* @return the name of the method that should be exposed over REST
   */
  override def getMethodName: String = {
    "hello_world"
  }

  /**
   * This method returns the parameters that your method should expect in its query string.
   * Here we are using no parameters, so we just return an empty list.
   *
   * @return a list of the parameters to expect for this REST method
   */
  override def getParams: java.util.List[String] = {
    Arrays.asList()
  }

  /**
   * This method contains the code that you want to execute.
   *
   * @return the response
   */
  override def execute(request: ProcessedAPIRequest, serviceProvider: SDKServiceProvider): ResponseToProcess = {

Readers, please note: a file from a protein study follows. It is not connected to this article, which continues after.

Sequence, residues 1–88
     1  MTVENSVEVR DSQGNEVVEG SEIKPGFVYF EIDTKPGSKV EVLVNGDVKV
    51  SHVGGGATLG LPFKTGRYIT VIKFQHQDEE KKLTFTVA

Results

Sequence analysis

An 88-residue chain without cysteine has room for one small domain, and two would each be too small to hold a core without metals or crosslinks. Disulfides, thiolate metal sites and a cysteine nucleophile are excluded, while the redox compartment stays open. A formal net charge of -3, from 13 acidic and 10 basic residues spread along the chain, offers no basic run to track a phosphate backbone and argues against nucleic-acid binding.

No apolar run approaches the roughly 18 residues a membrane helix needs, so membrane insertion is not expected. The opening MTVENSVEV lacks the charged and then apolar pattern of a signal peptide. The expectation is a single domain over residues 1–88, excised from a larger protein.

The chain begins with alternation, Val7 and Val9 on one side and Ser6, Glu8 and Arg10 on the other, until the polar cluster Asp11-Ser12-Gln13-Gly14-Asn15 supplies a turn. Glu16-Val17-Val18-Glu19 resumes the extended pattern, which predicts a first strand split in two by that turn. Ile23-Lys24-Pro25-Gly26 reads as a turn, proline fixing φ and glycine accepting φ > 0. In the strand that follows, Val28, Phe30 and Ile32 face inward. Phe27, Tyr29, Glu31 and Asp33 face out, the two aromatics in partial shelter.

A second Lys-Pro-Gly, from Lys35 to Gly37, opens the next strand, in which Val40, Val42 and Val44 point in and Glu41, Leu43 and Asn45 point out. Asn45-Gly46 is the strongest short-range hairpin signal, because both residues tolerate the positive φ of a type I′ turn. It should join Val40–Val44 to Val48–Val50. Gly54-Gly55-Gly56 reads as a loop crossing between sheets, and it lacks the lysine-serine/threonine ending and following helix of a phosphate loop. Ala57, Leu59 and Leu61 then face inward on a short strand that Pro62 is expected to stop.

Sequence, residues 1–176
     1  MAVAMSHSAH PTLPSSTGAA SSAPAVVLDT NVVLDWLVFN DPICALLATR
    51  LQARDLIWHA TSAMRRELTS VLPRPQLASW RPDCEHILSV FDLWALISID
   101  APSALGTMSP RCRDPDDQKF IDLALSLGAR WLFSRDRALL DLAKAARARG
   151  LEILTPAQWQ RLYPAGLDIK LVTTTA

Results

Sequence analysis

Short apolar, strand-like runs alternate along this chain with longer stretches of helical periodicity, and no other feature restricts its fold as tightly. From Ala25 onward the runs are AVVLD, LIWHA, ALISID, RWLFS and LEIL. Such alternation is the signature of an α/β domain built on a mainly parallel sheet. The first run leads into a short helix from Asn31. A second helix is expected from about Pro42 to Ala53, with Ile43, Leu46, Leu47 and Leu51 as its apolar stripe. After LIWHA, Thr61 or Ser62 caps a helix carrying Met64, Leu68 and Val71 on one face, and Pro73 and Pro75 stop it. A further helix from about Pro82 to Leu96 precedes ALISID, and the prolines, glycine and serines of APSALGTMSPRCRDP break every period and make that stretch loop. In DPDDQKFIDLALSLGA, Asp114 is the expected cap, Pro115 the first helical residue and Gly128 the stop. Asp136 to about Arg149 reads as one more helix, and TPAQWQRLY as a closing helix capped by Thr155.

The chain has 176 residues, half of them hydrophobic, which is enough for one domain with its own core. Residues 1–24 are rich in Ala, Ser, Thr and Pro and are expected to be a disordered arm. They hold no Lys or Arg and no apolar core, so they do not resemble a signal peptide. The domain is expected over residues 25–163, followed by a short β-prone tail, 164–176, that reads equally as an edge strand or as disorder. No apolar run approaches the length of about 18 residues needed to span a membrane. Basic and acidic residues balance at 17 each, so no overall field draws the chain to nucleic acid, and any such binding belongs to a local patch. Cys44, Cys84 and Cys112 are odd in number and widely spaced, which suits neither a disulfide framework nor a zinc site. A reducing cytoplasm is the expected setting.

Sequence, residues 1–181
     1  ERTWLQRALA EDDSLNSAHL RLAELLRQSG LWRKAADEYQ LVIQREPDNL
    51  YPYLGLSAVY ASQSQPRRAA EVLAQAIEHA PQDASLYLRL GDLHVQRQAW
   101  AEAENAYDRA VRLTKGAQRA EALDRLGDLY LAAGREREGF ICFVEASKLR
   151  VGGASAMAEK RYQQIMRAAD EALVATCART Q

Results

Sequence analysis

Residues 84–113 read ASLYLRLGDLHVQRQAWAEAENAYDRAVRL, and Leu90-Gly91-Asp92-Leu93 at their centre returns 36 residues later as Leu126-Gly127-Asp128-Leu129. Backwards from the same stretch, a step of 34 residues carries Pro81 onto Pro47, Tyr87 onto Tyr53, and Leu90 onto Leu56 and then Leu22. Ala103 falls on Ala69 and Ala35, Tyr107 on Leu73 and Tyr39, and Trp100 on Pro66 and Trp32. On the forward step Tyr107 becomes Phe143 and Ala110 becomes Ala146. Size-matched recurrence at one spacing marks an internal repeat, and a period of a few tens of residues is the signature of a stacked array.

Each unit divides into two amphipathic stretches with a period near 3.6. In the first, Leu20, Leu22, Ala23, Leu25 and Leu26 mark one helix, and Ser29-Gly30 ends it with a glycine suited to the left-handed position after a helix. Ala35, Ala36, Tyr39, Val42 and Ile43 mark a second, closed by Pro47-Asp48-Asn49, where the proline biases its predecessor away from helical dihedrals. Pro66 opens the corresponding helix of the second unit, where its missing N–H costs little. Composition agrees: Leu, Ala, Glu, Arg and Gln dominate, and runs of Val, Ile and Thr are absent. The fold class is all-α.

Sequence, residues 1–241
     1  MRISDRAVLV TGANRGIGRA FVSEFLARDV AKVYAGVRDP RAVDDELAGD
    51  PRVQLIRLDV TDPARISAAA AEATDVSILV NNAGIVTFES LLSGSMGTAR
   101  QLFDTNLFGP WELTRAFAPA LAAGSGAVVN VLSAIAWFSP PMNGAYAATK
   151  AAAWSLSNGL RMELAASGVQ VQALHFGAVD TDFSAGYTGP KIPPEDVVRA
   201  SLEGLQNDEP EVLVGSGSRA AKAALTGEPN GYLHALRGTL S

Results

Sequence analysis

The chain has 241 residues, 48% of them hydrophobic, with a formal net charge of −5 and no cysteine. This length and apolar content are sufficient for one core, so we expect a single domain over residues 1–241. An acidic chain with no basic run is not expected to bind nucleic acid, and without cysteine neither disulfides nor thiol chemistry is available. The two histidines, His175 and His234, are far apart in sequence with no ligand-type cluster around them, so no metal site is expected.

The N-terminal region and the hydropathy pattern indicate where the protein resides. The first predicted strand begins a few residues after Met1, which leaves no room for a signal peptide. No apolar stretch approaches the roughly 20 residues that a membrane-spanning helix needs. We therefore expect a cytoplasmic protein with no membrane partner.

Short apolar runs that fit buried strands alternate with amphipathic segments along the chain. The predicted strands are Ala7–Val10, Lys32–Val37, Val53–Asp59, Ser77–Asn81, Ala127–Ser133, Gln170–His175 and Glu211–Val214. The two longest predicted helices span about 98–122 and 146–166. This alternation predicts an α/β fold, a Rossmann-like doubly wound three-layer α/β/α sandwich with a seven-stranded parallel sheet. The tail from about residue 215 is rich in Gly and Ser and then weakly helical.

new ResponseToProcess(HTTP_OK, Map("msg" -> "hello world!").asJava)
  }

}

Custom code allows you to even define the returned JSON. In this case, our simple Hello World example will return:

{ "msg": "Hello, world!" }

You can call your server-side custom code from your SDK. The request will be sent from the client, StackMob will route the call to the appropriate code and execute the code you've written, then StackMob will return the JSON you've defined.

Calling Server-Side Custom Code from the Mobile SDK

Let's see how client-side SDK code calls and interacts with the server-side custom code:

iOS SDK

SMCustomCodeRequest *request = [[SMCustomCodeRequest alloc] initGetRequestWithMethod:@"hello_world"];

[[[SMClient defaultClient] dataStore] performCustomCodeRequest:request 
  onSuccess:^(NSURLRequest *request, NSHTTPURLResponse *response, id JSON) {
        // result is the JSON as an NSDictionary of "msg" vs. "Hello, world!"